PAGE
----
Making Mother Nature proud with patchwork fashion

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PHILIP Torres wears kimono-type jacket.

When Phillip Torres says his Retazzo items are one of a kind, believe it. Even if he wanted to, he cannot duplicate any piece he has done.

As the name suggests, Retazzo products use scraps of fabrics left after garments are made. So there is no telling what colorful and unique combinations will figure in a money belt, necklace, collar, jacket or shawl, some of the things Torres’ team makes. Even if he uses the same fabric combination, he cannot expect the same sizes and shapes to make an exact replica of a finished product.

Torres, who trained as a designer at the fashion school Slims, started Retazzo several  years ago. He says, “I have always dreamed of having an accessories line [to complement the clothes I make].”

FLAT circles made from fabrics are used for these necklaces.

Until then, Torres’ design house, Pret-a-Porter, focused on creating ready-to-wear and formal gowns for fashionistas in Angeles City and other parts of Pampanga province.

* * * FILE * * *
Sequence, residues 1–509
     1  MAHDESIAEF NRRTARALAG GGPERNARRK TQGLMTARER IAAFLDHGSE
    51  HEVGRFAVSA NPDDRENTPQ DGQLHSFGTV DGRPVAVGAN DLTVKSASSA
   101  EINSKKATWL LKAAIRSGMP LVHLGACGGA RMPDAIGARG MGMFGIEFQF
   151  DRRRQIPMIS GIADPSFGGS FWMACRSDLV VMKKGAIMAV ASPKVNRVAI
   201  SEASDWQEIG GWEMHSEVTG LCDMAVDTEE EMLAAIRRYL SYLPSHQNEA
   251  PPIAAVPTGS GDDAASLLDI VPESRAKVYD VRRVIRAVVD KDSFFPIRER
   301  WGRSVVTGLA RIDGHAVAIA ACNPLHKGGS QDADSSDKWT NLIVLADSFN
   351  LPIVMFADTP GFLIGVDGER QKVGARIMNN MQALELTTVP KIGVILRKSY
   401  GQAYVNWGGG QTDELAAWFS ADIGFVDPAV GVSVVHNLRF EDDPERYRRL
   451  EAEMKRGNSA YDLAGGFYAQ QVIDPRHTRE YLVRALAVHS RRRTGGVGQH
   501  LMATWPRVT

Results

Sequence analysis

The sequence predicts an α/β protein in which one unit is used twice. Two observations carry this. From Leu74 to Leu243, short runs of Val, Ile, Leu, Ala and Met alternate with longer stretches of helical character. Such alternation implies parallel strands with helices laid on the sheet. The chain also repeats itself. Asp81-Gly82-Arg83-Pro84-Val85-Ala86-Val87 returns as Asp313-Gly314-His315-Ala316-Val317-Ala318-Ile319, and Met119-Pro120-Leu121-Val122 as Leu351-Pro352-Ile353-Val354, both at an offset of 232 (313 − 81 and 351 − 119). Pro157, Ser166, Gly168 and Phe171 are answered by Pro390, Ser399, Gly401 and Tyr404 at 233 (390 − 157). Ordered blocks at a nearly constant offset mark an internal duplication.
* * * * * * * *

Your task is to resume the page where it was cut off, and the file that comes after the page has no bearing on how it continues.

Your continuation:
A couple of decades of dressmaking gave Torres sacks and sacks of small pieces of fabrics, remains of materials  used for  his clients. With the 3Rs—reduce, reuse and recycle—becoming the politically correct mantra in an increasingly environment-conscious world, Torres decided it was time to join the chanting and do his share for Mother Nature.  And Retazzo was born.

People who took up home economics will recognize some of the stuff Torres uses for his patchwork accessories—the stitches, the balls and the flat circles, for instance. The new line is quite labor intensive as most of the accents cannot be done well with a sewing machine.

Torres trained a new set of people for the Retazzo line, recruiting homemakers, out-of-school youth and other people who needed sources of livelihood, providing employment to members of his community.

COLORFUL collar to brighten up a plain dress or shirt

He works out the designs and the sewers turn them into patchwork bags, dresses, skirts, bags, jackets, even aprons.

At the moment, Retazzo products are available only in Torres’ Angeles shop. But he hopes to go further afield. “Maybe in the future, the business will grow… so I can have a boutique or supply some stores in Manila and Boracay.” He also dreams of bringing his products to the international market.

The minimum price for a Retazzo skirt is P1,500; for a dress, P2,000; a jacket, P3,500; a gown, P5,000; a bag, P800; a pair of palazzo pants, P2,500: and a shawl, P1,000.

Retazzo and Pret-a-Porter are on Santo Rosario St., Angeles City; tel. 045-3221765 or 0918-9364240.

PHOTOS BY LINDA B. BOLIDO

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